The Las Vegas shooting on Oct. 1 left 59 people dead and hundreds injured in what is now the worst mass shooting in U.S. history.
A mass shooting is defined as an incident involving gun-related violence where four or more people are shot.
With that definition, there has been 1,516 mass shootings in the last 1,735 days as of Oct. 1, according to The Guardian.
“There will certainly be a time for that policy discussion to take place, but that’s not the place that we’re in at this moment,” said White House press secretary Sarah Huckabee after the shooting occurred.
If not now, then when is a good time to talk about stricter gun laws?
Does it have to be on a Tuesday?
Maybe when there is a full moon?
Does it have to be a day where we have a president that is respected by both parties, who also isn’t knee deep with National Rifle Association, when racism is over, sexism is nonexistent, and a bunch of stuff that will likely never happen?
Our government had several opportunities to change the gun laws. When Sandy Hook, Virginia State and the Florida club shooting happened the government did what had to be done. They talked about gun laws, waited for the talk to die down, swept it under the rug, then when the next shooting happened they did the same thing. That is the only logical thing to do. If only they had the power for change.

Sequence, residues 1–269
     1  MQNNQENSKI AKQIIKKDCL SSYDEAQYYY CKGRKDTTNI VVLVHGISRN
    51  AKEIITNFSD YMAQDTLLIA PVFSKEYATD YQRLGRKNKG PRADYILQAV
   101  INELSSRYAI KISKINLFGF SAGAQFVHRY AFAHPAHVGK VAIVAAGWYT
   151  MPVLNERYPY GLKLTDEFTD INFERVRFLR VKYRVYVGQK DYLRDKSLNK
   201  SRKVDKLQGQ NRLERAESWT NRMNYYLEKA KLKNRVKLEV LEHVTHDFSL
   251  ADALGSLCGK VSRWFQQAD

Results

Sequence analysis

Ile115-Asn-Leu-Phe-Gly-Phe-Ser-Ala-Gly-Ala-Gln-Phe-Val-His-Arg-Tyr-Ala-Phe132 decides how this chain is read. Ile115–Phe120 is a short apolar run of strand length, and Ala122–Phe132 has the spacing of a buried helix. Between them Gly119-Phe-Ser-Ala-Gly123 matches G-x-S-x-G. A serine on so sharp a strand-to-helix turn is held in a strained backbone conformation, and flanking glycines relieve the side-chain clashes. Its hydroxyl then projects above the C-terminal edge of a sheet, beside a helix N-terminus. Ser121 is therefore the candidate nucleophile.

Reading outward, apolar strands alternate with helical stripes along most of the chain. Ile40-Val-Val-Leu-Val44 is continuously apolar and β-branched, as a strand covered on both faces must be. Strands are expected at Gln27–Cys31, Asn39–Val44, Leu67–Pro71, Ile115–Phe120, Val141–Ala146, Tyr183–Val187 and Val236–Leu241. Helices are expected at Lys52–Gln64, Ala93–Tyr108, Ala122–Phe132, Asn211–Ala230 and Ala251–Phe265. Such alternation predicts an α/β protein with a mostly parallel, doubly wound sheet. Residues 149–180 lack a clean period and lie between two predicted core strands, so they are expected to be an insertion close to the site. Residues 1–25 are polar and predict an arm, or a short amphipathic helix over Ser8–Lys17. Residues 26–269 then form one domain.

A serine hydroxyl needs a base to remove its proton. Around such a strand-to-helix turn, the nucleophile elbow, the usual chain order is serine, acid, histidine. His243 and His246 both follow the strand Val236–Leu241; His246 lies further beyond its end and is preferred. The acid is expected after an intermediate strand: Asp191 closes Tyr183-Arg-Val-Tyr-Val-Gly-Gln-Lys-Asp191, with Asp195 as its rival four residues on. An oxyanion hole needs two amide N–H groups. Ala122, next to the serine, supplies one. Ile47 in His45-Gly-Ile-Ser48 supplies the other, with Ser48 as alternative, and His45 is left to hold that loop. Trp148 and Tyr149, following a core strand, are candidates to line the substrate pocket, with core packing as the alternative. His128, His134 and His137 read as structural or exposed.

The Second Amendment was passed in 1791 and hasn’t changed since. Imagine trying to make a law today that would still be relevant in the year 2243.
Either we aren’t progressive enough as a society or big businesses don’t want to lose out on that market. It is both in this instance.
The guns in 1791 shot two to three times a round and reloading time took approximately two minutes.
The Las Vegas shooter had 23 weapons in his hotel including semiautomatic rifles, scopes and hundreds of rounds of ammo.
These aren’t the same times at all.
Most of the guns used by the shooter could have been bought legally in Nevada, which has very loose gun laws. Nevada’s gun laws do not require a permit to buy any firearms, they also do not require you to register your firearms. Nevada also doesn’t limit the amount of magazines you can purchase.
The guns bought legally were purchased at gun store in Mesquite called Guns & Guitars.
The owner of the store James Sullivan told USA Today the shooter “passed every background check, every time he bought a gun.”
If this man who clearly had no reason for owning a gun, besides harming others, then we need to rethink these laws.
“We’ll be talking about gun laws as time goes by,” said President Donald Trump on Oct 3, the Tuesday after the Vegas shooting.
The time has come and gone tons of times and the conversation isn’t going to get easier, but the conversation needs to be had.
In the last 10 years each shooting has eclipsed the previous to be considered the “worst” in the history of the country.